4 dead, explosive devices seized: All you need to know about US Capitol chaos

Updated on Jan 07, 2021 10:42 AM IST
While President Trump, who had addressed supporters and made claims of election fraud hours before, told supporters to ‘stay peaceful’, US President-elect Joe Biden called the violence an ‘insurrection’.
Pro-Trump protesters storm into the Capitol building during clashes with police, during a rally to contest the certification of the 2020 US presidential election results by the US Congress, in Washington.(Reuters image)
Pro-Trump protesters storm into the Capitol building during clashes with police, during a rally to contest the certification of the 2020 US presidential election results by the US Congress, in Washington.(Reuters image)
Hindustan Times, New Delhi | Byhindustantimes.com | Edited by Prashasti Singh

The police in Washington, DC said that four people died on the US Capitol grounds on Wednesday and 52 have been arrested after supporters of US President Donald Trump stormed the Capitol and disrupted electoral count. Lawmakers were briefly evacuated from the US Capitol after protesters breached security and entered the premises. 

The mayor of Washington, DC, Muriel Bowser, ordered a curfew in the nation’s capital beginning at 6pm Wednesday. Later in the day, she issued an order extending the curfew for 15 days.

 

While President Trump, who had addressed supporters and made claims of election fraud hours before, told supporters to ‘stay peaceful’, US President-elect Joe Biden called the violence an ‘insurrection’.

Here is all you need to know about the violence at US Capitol:

-In a late-night news conference, Metropolitan Police Department Chief Robert J Contee said that 47 of the 52 arrests to date were related to violations of Mayor Muriel Bowser’s 6 pm curfew, with 26 of those involving people arrested on US Capitol grounds. Several others were arrested on charges related to carrying unlicensed or prohibited firearms.

- Hundreds of Trump supporters entered the Capitol building on Wednesday in a bid to overturn his election defeat.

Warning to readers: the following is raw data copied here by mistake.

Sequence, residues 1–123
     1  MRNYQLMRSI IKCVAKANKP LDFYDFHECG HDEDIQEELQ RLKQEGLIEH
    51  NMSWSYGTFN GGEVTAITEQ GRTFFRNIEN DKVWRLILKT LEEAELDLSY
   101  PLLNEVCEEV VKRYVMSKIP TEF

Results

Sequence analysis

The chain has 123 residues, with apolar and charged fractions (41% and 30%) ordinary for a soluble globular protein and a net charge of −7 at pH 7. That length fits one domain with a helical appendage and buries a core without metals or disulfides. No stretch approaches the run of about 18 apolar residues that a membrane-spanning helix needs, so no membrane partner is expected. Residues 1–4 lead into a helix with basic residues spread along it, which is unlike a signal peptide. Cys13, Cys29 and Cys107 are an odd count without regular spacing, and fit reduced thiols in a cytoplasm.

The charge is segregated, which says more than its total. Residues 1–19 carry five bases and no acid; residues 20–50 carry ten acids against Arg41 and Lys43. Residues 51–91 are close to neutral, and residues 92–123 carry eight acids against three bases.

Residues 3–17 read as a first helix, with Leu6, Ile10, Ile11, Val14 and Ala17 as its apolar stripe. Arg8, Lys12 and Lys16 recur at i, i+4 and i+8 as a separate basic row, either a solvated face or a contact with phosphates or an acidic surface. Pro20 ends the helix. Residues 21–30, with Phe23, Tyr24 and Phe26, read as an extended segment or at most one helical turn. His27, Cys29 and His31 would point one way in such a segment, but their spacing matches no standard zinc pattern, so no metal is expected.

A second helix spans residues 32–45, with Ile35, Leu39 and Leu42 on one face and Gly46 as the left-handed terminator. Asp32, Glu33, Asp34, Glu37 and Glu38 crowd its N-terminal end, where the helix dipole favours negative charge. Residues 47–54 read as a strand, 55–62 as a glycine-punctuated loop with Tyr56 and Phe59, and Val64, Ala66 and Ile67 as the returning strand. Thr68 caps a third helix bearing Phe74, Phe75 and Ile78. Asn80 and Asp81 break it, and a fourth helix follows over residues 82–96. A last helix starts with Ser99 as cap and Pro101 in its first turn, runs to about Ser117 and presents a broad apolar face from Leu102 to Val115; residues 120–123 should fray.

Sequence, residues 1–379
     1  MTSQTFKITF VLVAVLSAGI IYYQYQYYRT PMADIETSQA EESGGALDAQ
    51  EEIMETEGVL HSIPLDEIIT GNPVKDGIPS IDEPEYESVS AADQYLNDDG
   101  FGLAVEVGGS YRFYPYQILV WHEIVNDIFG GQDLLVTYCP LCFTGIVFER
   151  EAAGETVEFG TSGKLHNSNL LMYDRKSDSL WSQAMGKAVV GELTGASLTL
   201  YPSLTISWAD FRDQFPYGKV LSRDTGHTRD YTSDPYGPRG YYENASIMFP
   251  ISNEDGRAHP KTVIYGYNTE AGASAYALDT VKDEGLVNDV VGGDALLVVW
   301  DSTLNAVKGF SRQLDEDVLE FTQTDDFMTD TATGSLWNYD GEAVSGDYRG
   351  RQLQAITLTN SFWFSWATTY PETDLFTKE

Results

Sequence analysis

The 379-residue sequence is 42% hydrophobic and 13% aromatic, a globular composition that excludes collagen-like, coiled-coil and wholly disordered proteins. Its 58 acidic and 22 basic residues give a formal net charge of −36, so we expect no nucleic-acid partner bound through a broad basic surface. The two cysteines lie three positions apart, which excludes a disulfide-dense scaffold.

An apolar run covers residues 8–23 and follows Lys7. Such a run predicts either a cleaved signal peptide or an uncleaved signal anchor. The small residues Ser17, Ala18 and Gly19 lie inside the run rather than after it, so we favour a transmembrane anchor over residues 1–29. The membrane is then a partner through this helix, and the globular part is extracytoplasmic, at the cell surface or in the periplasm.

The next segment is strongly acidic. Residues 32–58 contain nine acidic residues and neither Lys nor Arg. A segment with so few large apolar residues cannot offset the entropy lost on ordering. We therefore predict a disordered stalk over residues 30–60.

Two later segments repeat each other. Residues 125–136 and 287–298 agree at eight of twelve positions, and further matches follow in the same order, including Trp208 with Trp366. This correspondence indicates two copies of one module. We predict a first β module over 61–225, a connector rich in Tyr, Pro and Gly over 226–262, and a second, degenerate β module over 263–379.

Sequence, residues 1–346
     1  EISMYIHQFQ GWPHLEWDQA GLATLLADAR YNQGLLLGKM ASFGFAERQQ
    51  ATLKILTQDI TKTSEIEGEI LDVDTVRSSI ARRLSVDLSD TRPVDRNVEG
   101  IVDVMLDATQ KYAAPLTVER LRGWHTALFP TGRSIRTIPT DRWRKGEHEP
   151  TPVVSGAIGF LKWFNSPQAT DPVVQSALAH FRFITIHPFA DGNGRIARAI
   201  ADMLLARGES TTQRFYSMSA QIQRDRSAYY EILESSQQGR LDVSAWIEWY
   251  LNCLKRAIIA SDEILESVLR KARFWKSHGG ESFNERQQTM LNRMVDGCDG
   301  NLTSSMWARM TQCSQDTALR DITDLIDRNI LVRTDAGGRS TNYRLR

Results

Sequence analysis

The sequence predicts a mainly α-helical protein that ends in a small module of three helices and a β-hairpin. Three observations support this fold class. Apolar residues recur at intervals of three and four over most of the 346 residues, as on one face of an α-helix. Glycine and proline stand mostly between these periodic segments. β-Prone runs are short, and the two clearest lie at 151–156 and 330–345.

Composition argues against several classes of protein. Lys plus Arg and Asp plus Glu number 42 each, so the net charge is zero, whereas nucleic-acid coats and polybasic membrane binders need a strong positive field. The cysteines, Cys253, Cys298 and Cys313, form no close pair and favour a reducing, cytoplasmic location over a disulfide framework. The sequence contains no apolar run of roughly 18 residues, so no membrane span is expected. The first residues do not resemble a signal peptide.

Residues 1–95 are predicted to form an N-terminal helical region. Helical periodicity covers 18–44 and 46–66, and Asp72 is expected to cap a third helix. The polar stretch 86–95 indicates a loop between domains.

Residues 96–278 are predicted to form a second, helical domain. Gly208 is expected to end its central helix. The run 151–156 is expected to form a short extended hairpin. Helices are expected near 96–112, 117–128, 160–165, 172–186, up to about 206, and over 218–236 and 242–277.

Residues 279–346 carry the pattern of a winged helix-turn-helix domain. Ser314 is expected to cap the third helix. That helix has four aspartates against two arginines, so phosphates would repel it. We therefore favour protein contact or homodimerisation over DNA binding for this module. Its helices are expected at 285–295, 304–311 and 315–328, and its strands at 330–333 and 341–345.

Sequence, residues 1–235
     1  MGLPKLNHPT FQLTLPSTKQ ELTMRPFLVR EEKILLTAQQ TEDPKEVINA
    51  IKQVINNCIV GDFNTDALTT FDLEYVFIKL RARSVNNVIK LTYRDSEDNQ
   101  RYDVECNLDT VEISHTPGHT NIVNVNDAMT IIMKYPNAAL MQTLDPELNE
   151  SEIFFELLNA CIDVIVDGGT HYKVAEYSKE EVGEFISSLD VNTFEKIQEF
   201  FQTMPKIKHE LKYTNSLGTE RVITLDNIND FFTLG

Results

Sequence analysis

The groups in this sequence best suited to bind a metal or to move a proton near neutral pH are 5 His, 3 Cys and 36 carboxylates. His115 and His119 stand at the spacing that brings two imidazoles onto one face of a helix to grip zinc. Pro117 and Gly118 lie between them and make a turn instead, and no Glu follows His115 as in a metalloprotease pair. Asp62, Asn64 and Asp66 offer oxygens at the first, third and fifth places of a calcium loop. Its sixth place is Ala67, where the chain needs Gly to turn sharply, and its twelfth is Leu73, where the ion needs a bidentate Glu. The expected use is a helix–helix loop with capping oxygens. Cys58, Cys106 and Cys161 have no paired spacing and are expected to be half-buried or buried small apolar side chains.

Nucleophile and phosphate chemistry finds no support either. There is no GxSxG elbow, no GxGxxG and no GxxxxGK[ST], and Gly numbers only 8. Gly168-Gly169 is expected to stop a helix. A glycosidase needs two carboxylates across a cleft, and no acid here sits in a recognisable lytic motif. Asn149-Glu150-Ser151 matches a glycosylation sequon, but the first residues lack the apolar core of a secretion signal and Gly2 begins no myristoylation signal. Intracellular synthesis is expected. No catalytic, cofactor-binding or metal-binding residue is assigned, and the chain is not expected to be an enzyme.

- The violence, that forced lawmakers to flee the US Capitol and resulted in the death of one woman, disrupted the process of certification of Biden as the winner in the November 3 election. However, the Senate resumed the process more than six hours after the attack.

-The FBI said it had disarmed two suspected explosive devices and officials declared Capitol ‘secure’ nearly 4 hours after the attack.

- Trump’s Twitter account was locked for 12 hours after he pushed baseless claims about the election, and the social media platform warned him of permanent ban if he didn’t remove his rule-breaking tweets. “As a result of the unprecedented and ongoing violent situation in Washington, DC, we have required the removal of three @realDonaldTrump Tweets that were posted earlier today for repeated and severe violations of our Civic Integrity policy,” Twitter said in a post. “If the Tweets are not removed, the account will remain locked,” it added.

- Facebook and the platform its owns - Instagram - also said Trump’s pages will be blocked for 24 hours, according to Associated Press. Facebook’s vice president of integrity Guy Rosen said, “This is an emergency situation and we are taking appropriate emergency measures, including removing President Trump’s video.”

- Biden called for restoration of “simple decency” and said, ”The words of a president matter, no matter how good or bad that president is. At their best, the words of a president can inspire. At their worst, they can incite,” he added. He called on Trump to “go on national television now, to fulfil his oath and defend the Constitution and demand an end to this siege.”